and endorsement to pursue a thermal development. A fully integrated team was put in place and a number of key activities were
undertaken in parallel with the standard deliverables of the project maturation before FID to significantly improve project
definition and reduce risk (Fig. 4). These include:

Creation of a Development Decision Framework that plans for success but is flexible and adaptable and provides exit
points along the way
Demonstration of A West FDP steam injection rate (400 t/d per well)
Introduction of industry thermal standards/specifications and materials selection (carbon steel versus CRA) for facilities
cost improvements
Demonstration of thermal well cost reduction through the 2008 demonstrator campaign, design of the new commercial
model for rigs and services, and implementation of the New Oil Operating Model
Creation of an aquifer pump-off plan (APO) and a water management strategy, including securing the water relocation
permits
Execution of A East appraisal 2008 and addressing the deep flanks
Operation of the A West first steam flood pattern and A East CSS early development facilities
SPE 129143 5

A West demonstration of Demonstrate Well Cost Reduction Operate A West 1st Pattern
Areal surveillance base line
FDP 400t/d steam injectivity, Development well costs proved
no showstoppers pre-FID Operate A East CSS
Operational learnings
Local capability development

2006 2007 2008 2009 2010 2011 2012 2013 2014 2015
1. A Steam Project: AW injectivity AE CSS Operations

1. A West & East Construct Operate


Steam Trials
Continued steam trial/first pattern performance reviews

2. A West First Construct Operate

Pattern No show-stoppers identified Development Drilling A West and East Steam Hot oil facilities
from injectivity trials DG4 FID OTSG Steam Plant and Production Station injection commissioned
DG2 DG3
1 x HRSG by 2014
10P performance reviews
3. 6,000 t/d Full
Field Development Feasibility Study A FDP BfD FEED Design & Procure Ev/Award Construct Operate

COGEN
4. Increase to 10,000 t/d steam injection

Install HRSG/plant expansion BfD FEED Design & Procure Ev/Award Construct Operate

5. A Steam Follow-up A Follow-up FDP BfD


Flank/lower reservoir development

Developed APO plan, secured


water relocation permits Facilities Cost Improvement
Development Decision AE appraisal 2008, addressed
Framework deep flanks pre-FID
Risk & Opportunity
Management Plan
Flexible, adaptable
development plan with New commercial model Rigs & Services
exit points Award of Rig Contract
Integration AW & AE Introduced North American Integrated Services Contract
Project Assurance Plan New Operating Model
thermal Standards/Specs
Integrated team
Stakeholder Engagement Materials selection CS vs CRA

Fig. 4: A Steam Project Maturation from DG2 to FID

Development Decision Framework and Summary of the FDP


The strategy follows from the key business drivers, the specific characteristics and uncertainties of the reservoirs and the
worldwide experience with executing steam projects; the field development is designed to be flexible and adaptable over its life
time. It allows taking on board outcomes from the steam trials and early production and offers several exit points and fall back
options. The A Steam Project comprises a steam drive development in A West and an initial CSS followed by a steam drive in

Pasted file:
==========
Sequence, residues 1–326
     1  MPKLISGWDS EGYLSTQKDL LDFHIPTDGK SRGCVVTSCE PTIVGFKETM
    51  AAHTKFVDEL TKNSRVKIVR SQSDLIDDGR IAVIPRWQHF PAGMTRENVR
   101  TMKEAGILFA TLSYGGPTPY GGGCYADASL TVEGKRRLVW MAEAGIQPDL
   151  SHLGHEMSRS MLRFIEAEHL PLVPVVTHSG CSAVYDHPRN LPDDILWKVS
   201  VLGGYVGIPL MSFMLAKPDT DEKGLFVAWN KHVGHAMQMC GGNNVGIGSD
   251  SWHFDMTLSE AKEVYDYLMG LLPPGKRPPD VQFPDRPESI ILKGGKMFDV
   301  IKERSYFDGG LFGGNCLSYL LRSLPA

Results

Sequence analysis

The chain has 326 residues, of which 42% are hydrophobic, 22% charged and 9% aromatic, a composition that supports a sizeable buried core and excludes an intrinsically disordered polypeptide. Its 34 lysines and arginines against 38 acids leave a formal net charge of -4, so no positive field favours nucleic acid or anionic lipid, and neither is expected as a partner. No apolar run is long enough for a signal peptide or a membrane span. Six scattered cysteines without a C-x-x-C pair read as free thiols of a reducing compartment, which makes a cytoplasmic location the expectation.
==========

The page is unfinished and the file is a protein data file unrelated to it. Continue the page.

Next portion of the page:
A East. It is managed as one integrated project with shared surface facilities and operations (Fig. 5). The decisions to scale the
project such that existing evacuation and processing facilities are utilised and to apply top-down phasing to the subsurface
development of both fields has created room for pursuing upsides at a later stage without the upfront investment and risk.
Approximately two years after full field start-up, steam generation for A West will switch to one 6,000 t/d Frame 9 low pressure
HRSG (Heat-Recovery-Steam-Generator) or COGEN, making most of the OTSG (Once-Through-Steam-Generation) units for
A West available for the increasing steam demand of A East. Cumulative fuel gas consumption for the project life (not
including gas for power) has been limited to approximately 0.06 Tscf.
6 SPE 129143

Existing Evacuation
Facilities

Production
Station

Production
Production

APO Water
Tank Plant
APO Water

Steam OTSG Steam Steam


Generation

HRSG Steam Power


Generation Station

20 km

A West A East

Relocation Site

Fig. 5: Integration of A West and East and Water Management Plan

In A West a steam drive is planned with 50 10-acre 7-spot patterns, resulting in a total of 242 wells including 15% re-drills, 21
observation wells, and 12 APO wells. Steam will be injected in the top of the reservoir with a stand-off from the aquifer of 75m to
limit water ingress. The 75m zone is planned to be targeted later when aquifer pressures have decreased. Further patterns can be
added either by infill, if required, or by extending the development into the flanks with oil columns < 115m, which are excluded in
the first phase.

The higher viscosity A East will be developed initially via CSS on a well spacing of 92m, resulting in a total of 81 wells
including 15% re-drills and 7 observation wells and of which 7 will be re-used existing wells. This initial CSS development will
migrate to a steam drive development from approximately 2015 onwards, thus increasing the ultimate recovery. Similarly to A
West steam will be injected in the top of the reservoir with the potential of reducing stand-off to the OWC later in the project
depending on the success of the first phase.

Demonstration of Injectivity in A West